Governments, not central banks, must act

By Guest Contributor
June 11, 2012

–Michala Marcussen is global head of economics at Société Générale Corporate and Investment Bank. The opinions expressed are her own.–

Marcussen

The reflex induced by three decades of success is to look to central banks to steer the economy back to a path of sustainable growth, but five years on from the outbreak of the crisis, it is becoming increasingly evident that, despite the introduction of multiple unorthodox policy tools and huge balance sheet expansion, central banks can only help buy time, they cannot fix the underlying issues of huge debt mountains and weak trend potential growth. For this, government action is required, and as each new round of monetary policy easing seemingly comes with diminishing returns – both in terms of the absolute impact and its duration – there is a growing sense of urgency for governments to act.

Steering the economy in the right direction, however, is no easy feat. Stronger financial market regulation is welcome, but the wrong mix implemented too quickly could force disorderly deleveraging of the economy. Well functioning credit channels are an essential part of any recovery. Fiscal austerity is clearly required, and all the more given ageing populations. Fast track austerity, however, comes with increased fiscal contraction multipliers weighing on real economic growth, pushing the economy into an austerity trap. This entails not only missed public finance targets as growth falters, but triggers a loss of confidence with financial markets and electorates alike – each with its own dangers. Boosting trend potential growth is a pre-requisite for both sustainable public finances and for recovery. Often slow to deliver and unpopular with electorates, such reforms become harder to implement the weaker the economy is.In the euro area, there is also the special challenge of risk sharing.

The consensus is that the euro zone will either move to a fiscal and banking union or break-up. Full break-up remains an extreme tail risk; but reaching a fiscal and banking union will take time. As such, a by now all too familiar pattern is set to repeat: market turmoil, a peek into the abyss, an additional policy patch, market relief rally, policymakers declaring the worst over … only subsequently to see turmoil return. The likeliest next policy patch is to give the European Stability Mechanism a banking licence, potentially double its fresh lending capacity to €1 trillion and allow the institution to recapitalise banks directly. This solution does not require a Treaty change (although it needs to be ratified by national parliaments); nor does it place huge potential liabilities on Germany (and the other fiscally strong member states). Ultimately, such a move would only be an additional stepping stone towards a banking and fiscal union and would not secure the longer term credibility required to see sovereign risk premia durably reduced.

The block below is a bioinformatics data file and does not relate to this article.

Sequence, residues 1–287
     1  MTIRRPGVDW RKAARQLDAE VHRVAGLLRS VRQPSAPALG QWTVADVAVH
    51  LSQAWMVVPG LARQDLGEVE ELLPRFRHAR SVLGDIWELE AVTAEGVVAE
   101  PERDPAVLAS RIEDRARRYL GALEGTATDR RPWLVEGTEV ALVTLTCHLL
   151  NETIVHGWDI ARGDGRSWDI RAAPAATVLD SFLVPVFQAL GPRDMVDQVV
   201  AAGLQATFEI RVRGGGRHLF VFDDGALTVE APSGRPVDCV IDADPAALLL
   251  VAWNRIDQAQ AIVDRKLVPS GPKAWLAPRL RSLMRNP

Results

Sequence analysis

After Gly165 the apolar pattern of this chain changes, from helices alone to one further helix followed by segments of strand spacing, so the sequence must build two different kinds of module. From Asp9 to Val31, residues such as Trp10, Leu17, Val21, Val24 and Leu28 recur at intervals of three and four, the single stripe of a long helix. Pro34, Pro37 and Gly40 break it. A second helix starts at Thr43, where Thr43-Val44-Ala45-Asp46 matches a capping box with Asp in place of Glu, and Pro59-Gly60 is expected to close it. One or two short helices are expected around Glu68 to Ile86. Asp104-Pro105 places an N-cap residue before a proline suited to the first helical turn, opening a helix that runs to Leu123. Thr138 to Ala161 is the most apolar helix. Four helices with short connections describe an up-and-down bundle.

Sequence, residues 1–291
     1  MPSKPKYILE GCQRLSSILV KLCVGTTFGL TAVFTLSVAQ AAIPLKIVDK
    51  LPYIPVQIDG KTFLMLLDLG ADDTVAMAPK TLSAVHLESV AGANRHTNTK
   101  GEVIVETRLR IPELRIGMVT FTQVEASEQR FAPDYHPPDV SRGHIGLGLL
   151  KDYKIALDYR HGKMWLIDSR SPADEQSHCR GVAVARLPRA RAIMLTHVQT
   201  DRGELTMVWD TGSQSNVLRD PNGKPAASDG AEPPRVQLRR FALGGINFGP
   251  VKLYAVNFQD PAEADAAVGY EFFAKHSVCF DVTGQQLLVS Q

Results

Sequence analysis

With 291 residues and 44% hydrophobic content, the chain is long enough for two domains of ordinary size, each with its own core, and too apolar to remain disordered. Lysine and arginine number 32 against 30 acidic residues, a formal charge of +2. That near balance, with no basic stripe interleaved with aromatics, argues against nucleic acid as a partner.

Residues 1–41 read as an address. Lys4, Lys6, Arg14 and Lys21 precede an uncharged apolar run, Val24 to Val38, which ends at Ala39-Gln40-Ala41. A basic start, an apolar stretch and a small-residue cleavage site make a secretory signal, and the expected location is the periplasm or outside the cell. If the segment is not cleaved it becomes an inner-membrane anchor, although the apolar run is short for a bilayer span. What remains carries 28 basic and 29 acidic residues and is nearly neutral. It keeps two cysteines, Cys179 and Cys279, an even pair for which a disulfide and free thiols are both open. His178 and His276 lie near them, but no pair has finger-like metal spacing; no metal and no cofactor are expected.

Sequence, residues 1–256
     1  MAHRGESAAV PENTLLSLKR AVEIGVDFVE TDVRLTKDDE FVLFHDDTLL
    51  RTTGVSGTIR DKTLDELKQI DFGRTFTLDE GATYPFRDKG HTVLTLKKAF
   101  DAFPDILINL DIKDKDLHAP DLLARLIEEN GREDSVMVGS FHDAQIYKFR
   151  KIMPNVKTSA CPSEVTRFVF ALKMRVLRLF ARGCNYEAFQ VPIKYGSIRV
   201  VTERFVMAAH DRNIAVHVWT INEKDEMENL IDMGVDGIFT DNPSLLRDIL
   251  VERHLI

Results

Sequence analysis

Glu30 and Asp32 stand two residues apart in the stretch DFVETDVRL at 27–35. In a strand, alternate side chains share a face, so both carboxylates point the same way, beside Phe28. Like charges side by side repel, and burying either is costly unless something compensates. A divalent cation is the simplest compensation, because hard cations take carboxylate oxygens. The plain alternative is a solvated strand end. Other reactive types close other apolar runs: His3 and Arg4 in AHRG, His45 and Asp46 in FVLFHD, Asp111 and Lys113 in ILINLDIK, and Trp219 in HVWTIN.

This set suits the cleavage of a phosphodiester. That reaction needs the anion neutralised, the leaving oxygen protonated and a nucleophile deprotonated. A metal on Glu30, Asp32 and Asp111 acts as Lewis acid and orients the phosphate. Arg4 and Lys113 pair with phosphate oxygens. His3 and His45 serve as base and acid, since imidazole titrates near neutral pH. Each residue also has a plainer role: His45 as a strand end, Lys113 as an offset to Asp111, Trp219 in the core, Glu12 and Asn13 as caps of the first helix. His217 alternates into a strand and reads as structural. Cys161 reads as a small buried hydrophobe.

While much of the market focus is on the euro area, credible policy roadmaps are also lacking elsewhere. In the United States, a fiscal cliff is looming and while further quantitative easing from the Federal Reserve is likely, it comes with diminishing returns. In China steering the economy to a new domestic demand driven model is far from easy. The temptation to ease monetary policy and initiate a new round of credit financed stimulus is evident, but comes with clear dangers. Debt for the three major sectors of the Chinese economy (households, corporates and public sector) doubled from 100% of GDP to 200% over the past 15 years. This is not something China can afford to repeat.

A version of this post also appears on Thomson Reuters IFRe.com

Comments

As a retired academic who taught on a European Studies degree for many years during the formation of the EU, through to the 2005 enlargement, it is interesting to note how many of the current issues creating and exacerbating the current crisis, were issues that were discernible then. Harder to understand then why governments haven’t acted, except to note that the EU has a way of creating situations in which, somewhat paradoxically, participants seem to think they are all better off by doing nothing. We even had a concept for it, which is probably still doing the conference rounds – it was called eurosclerosis. I can hear my former colleagues dusting the concept down as I type.

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